Why are people tuning in? "I think there are a lot of things going on here," Ilnyckyj said. "There's obviously the curiosity and expensive foods. I think that's what people were drawn to initially. I also think that we have a really great format — we're light and flexible enough where we don't have to do things that have occurred traditionally on travel and food shows in the past. You'll never see us knocking on a door of restaurant and walking in and that sort of thing. We can kind of do whatever we want, and I think we're really good at all the component parts. We used to make videos where people would just taste things on camera. We got really good at filming food in a logical way, were you can understand the recipe and learn a lot from the chef in the process, and not just see nameless buckets going into things. And we got really good at that with tasting. So now we have this show that's assembled from all these other formats that we've really honed and I think it's just a great result."
More telling, Lim said, "I think the spirit of the show is that really that we are three people who don't have culinary backgrounds. We're three normal, relatable people who eat food in a way that you would eat with your friends at your dining table or when you go out to eat. And so we don't try to criticize them — we just want to enjoy it and take it as it is. We just try to find the positives and the joy eating with each other."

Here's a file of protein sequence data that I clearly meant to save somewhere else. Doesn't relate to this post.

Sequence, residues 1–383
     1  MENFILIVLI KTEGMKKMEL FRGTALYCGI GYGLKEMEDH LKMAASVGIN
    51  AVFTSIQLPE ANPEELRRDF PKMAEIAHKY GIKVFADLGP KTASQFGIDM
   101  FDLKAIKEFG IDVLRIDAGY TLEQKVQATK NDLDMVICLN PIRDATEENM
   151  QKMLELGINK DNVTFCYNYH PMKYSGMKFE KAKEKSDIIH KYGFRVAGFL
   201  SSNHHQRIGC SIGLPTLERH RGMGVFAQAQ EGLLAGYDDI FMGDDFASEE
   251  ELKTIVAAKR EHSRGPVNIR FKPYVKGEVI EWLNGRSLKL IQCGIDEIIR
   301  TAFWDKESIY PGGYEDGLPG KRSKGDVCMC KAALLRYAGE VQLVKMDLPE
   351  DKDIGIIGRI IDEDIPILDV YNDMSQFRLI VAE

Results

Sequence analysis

Ilnyckyj says they look at it "as if we're the viewers' friends and they're coming along on this journey so that they could easily imprint the situation on their own lives."
From his pre-Worth It videos, Ilnyckyj says he'd get recognized by young teens, the backbone of BuzzFeed's demographics. "Since starting the show, I've been recognized a lot more and by, on average, an older audience," he said. "Which is, personally, very rewarding. I'll be stopped by dads at restaurants instead of the kids and they'll start talking to me about the food, which is really great."
"It's surprised me the number of times parents have stopped us and said they're watching our content with their kids," Bianchi said. "You know they talk about how great it is to be able to go to these restaurants and eat with their kids, when there's not as much they can do together nowadays."
"Yeah," Lim said. "I was eating dinner a few nights ago, and as soon as I finished, this lady got up and came to me and she's like, 'Just wanted to let you know: I don't want to bother you but I'm a teacher for kids with mental-health issues and we play your show for some of the kids when they get really anxious or really sad because it's just such a great, positive energy around it and it just really helps them to focus and center themselves." At that point I was like, 'Wow.' It's tough to do the show but that moment in itself made the whole doing the show worthwhile."